Every Friday, The Charge looks back at the biggest headlines of the week with our own added insight and opinions for a broader picture of the news.
From hypercars to commuters?
We won’t blame you for not knowing about Koenigsegg, the super exclusive builder of 700hp+ hypercars. Based in Sweden, the niche company builds but 35 or so cars a year, with some costing as much as $3 million apiece. Unless you have a villa in Monaco or a condo in Beverly Hills, you’ve likely never set eyes on these rare beasts.
But Koenigsegg and, more accurately, the company’s founder, Christian von Koenigsegg, have a reputation as innovators. And its latest invention may have a huge impact on the EV world.
The company revealed a tiny electric motor dubbed the ‘Quark’. Intended for its Gemera four-door hybrid, the Quark weighs just 30 kg, yet outputs 355 hp. The entire drive unit, with two motors, an inverter and gear set, weighs 84 kg, with an output of more than 670 hp. For reference, a Tesla Model S front drive unit weighs 90 kg with 300 hp.
Yes, there aren’t a lot of people willing to fork out $3 million for a Gemera. But this technology is sure to trickle down to more pedestrian vehicles at some point.
Spoiled for choice
The list of EVs either available or imminent for Canadian drivers seems to grow each week. We’ll soon see the Nissan Ariya and Kia EV6 on dealer lots here (with all due respect to the supply chain problems, of course). While there are no Canadian prices announced for the Ariya yet, reservations are open for the all-electric crossover. The EV6, however, will officially start at $44,995, making it eligible for Canadian EV incentives.
But wait, as they say, there’s more. The much anticipated Ford F-150 Lightning, which could be used as a back-up generator in emergencies, will appear later this year. And General Motors announced its Chevrolet Silverado EV pickup, which is set for production next year, has already garnered more than 120,000 reservations. And across the pond, Jaguar has announced it will design its own EV platform; it already offers the I-Pace BEV, but plans to go fully electric by 2025. And even tiny Lotus has news of its plans for another electric sports car. There aren’t many details to go on, and with production planned for 2026, we won’t hold our breath right now.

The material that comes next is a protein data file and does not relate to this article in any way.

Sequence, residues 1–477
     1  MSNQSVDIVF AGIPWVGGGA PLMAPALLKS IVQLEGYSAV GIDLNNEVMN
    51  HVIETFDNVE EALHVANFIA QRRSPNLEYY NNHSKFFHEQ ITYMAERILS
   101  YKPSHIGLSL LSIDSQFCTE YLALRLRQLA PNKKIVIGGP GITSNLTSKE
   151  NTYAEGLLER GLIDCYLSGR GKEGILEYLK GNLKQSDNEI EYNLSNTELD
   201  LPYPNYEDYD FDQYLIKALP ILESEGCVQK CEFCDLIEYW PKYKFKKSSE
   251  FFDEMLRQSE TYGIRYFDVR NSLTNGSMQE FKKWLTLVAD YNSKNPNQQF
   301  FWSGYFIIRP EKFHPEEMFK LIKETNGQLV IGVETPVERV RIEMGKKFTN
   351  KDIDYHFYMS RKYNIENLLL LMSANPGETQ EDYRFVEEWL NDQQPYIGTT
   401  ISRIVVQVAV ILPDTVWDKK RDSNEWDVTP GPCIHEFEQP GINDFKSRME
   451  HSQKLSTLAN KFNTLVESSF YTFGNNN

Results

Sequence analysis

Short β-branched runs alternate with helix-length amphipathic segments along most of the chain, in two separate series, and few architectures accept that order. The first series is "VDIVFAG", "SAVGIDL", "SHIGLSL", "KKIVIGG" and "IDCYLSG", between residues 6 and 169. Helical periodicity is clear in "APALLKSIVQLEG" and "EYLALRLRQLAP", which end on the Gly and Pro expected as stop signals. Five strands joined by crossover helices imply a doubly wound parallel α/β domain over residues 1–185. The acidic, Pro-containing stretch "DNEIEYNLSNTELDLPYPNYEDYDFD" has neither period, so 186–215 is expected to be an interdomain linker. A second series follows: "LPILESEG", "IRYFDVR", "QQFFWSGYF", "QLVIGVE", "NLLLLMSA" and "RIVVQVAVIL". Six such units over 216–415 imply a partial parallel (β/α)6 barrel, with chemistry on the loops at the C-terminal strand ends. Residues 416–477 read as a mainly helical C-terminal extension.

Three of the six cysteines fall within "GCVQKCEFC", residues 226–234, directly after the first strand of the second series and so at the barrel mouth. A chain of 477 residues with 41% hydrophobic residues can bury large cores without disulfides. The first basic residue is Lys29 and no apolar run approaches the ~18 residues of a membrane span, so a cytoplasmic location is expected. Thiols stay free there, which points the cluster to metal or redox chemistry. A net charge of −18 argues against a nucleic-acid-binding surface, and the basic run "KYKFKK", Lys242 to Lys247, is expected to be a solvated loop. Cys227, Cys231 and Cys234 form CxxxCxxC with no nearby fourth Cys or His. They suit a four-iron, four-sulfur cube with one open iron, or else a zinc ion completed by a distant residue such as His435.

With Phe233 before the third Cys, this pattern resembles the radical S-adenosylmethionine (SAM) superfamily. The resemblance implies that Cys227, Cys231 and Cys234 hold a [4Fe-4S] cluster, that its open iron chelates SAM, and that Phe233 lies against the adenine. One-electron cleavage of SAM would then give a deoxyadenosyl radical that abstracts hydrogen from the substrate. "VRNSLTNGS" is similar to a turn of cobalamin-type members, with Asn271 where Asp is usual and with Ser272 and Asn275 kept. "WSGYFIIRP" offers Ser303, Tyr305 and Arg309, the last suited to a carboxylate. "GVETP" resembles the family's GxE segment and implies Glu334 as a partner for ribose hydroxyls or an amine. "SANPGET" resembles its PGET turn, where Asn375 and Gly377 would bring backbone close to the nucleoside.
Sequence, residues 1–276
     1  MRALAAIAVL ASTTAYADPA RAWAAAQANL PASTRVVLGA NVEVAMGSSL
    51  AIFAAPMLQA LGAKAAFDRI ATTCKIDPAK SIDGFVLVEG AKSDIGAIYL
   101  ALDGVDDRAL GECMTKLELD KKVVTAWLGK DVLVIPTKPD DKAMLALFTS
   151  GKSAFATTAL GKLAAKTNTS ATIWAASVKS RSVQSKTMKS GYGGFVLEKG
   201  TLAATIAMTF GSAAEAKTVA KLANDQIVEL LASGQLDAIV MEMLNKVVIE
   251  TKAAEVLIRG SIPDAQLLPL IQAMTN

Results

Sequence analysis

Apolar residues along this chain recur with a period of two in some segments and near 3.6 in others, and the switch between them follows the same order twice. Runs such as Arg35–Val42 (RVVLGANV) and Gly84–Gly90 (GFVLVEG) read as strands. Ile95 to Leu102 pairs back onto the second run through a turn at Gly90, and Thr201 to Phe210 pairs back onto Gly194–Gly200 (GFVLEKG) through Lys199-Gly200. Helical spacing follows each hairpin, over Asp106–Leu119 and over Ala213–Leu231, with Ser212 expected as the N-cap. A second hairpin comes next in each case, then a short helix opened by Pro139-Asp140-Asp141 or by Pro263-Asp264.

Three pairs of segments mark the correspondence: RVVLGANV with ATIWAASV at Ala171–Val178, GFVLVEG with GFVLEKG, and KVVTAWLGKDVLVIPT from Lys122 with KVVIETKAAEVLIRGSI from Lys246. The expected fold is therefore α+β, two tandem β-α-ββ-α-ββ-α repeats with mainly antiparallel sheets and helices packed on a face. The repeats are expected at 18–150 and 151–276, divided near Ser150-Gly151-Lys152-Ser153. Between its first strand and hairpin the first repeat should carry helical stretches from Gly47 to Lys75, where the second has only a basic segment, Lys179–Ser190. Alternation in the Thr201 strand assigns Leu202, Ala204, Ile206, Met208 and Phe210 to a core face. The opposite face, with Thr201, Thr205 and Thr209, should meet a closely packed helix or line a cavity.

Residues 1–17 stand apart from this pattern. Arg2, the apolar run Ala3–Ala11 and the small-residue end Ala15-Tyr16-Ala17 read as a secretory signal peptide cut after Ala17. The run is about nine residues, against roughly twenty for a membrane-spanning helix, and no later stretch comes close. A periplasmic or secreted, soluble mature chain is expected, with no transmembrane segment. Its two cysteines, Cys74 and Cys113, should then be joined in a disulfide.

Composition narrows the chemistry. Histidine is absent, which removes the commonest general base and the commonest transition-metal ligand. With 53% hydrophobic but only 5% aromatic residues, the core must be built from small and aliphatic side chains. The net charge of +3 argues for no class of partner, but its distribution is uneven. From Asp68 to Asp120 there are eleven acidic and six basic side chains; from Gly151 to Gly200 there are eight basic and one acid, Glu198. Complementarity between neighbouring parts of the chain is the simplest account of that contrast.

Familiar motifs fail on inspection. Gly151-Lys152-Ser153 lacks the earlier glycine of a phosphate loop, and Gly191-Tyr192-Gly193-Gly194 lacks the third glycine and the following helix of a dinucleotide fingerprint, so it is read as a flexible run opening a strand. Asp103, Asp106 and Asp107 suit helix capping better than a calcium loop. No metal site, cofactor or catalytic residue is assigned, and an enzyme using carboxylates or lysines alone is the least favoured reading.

With so many choices, you’ll see a lot more EVs on the roads in just the next few years.
Tesla’s ‘Model 2’ off the table
One vehicle you won’t see in the near future, however, is a less expensive car from Tesla. Elon Musk first announced plans for a US$25,000 vehicle in 2020 with a vague sketch and promises of autonomous driving and a battery 50 per cent cheaper than competitors. But we know better than to trust Musk’s timeline promises, and sure enough, it was announced this week that the project, unofficially referred to as the Model 2, is put on hold. With other vehicles planned for production in the next year or two, the company simply has “too much on its plate”.
But we can wait; with the advancement of technologies (see Koenigsegg above, for example), prices of batteries and motors have visibly dropped in the last decade and continue to fall. We’re sure to soon see cheaper EVs from some automaker in the near future, at least.